What is the Legislative Assistance Working Group?
The Legislative Assistance Working Group of the Global Alliance for the Rights of Nature was created in September 2010.
The purpose of the Working Group is to put in place enforceable legal structures which recognize the Rights of Nature at community, sub-national, and national levels of government around the world.
The Working Group will provide assistance to organizations, governments, and communities striving to drive Rights of Nature legislative frameworks into binding law.
The Community Environmental Legal Defense Fund, which is leading the Working Group, has assisted communities and governments in the United States to draft laws recognizing the Rights of Nature. In Ecuador, CELDF consulted with delegates to the 2008 Constitutional Assembly who drafted the Articles to include Rights of Nature in the first national/plurinational Constitution in the world.
To contact the Working Group, send a message at Want to Learn more below.
By most every measure, the environment today is in worse shape than when the major U.S. environmental laws were adopted over thirty years ago. Since then, countries around the world have sought to replicate these laws. Yet, species decline worldwide is increasing exponentially, global warming is far more accelerated than previously believed, deforestation continues unabated around the world, and overfishing in the world’s oceans is pushing many fisheries to collapse.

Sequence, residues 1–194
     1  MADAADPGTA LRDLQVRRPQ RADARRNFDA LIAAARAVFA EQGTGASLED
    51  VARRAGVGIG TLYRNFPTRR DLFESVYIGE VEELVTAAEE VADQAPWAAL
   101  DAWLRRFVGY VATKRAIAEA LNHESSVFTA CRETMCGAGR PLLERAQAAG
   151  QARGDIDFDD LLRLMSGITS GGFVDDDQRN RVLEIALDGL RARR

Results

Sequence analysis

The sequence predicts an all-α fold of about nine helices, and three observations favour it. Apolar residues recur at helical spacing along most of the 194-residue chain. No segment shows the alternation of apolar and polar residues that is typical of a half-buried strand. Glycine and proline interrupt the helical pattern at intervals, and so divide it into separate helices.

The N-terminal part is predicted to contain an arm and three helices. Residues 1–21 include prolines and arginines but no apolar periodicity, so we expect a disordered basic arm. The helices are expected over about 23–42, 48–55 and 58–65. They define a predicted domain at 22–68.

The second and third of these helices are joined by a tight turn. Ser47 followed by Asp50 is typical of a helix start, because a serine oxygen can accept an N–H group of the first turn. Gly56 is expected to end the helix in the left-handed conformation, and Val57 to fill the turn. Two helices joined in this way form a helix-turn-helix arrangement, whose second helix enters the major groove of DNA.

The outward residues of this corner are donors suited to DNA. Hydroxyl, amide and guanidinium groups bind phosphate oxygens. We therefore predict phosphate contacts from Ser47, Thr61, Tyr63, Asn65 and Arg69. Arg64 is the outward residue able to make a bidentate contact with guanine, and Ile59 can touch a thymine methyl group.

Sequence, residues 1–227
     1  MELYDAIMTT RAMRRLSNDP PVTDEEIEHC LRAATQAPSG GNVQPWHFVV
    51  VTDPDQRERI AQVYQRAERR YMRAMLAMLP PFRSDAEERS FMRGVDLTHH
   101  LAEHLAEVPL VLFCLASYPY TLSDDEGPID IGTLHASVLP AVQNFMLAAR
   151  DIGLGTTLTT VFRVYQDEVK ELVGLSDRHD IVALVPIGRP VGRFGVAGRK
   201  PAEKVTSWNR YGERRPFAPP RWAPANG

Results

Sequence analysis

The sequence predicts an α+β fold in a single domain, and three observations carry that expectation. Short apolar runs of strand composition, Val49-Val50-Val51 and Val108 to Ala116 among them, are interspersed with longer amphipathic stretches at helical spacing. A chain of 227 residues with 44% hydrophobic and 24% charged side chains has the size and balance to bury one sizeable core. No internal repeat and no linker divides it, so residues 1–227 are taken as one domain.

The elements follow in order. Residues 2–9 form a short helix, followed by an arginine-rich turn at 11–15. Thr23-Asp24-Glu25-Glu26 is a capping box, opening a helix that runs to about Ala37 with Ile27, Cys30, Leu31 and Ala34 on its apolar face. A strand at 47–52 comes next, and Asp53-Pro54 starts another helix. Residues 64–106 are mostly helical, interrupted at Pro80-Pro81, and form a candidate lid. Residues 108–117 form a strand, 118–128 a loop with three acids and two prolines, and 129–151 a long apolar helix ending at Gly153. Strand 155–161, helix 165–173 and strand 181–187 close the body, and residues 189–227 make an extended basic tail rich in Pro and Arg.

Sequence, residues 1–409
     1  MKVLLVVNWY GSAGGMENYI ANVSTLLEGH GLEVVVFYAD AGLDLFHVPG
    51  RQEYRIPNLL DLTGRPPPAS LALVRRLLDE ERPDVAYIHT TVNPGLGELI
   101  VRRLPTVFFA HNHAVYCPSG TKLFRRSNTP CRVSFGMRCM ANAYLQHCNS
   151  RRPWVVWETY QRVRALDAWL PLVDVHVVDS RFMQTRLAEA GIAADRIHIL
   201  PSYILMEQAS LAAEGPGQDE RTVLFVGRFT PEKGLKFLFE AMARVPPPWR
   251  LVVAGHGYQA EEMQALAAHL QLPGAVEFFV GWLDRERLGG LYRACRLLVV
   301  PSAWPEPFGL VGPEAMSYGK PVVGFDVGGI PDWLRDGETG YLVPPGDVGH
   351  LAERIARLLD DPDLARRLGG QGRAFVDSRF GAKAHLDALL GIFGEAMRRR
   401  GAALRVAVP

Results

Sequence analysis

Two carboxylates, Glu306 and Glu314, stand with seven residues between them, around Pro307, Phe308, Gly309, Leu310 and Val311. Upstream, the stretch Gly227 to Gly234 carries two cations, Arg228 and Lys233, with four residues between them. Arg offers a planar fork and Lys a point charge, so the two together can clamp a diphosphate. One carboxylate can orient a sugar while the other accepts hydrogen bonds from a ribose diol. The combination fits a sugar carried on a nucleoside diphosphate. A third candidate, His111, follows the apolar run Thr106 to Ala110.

These laws – including the Clean Air Act, the Clean Water Act, and similar state laws – legalize environmental harms by regulating how much pollution or destruction of nature can occur under law. Rather than preventing pollution and environmental destruction, these laws instead codify it. In addition, under commonly understood terms of preemption, once these activities are legalized by federal or state governments, local governments are prohibited from banning them.
In the U.S., title to property carries with it the legal authority to destroy the natural communities and ecosystems that depend upon that property for survival. In fact, environmental laws in the U.S. were passed under the authority of the Commerce Clause, which grants exclusive authority over “interstate commerce” to Congress.
Treating nature as commerce has meant that existing environmental law frameworks in the U.S. – and around much of the world – are anchored in the concept of nature as property.
As ecological crises multiply, people, communities, and governments are coming to recognize that environmental protection cannot be attained under a structure of law that treats natural communities and ecosystems as property.
The Rights of Nature laws – adopted in the U.S. and Ecuador – expand the body of rights to include nature, thus recognizing nature as a subject of rights.
Those laws recognize that ecosystems possess an inalienable and fundamental right to exist and flourish, and that people and communities possess the legal authority to enforce those rights on behalf of ecosystems. In addition, these laws require governments to remedy violations of ecosystem rights.
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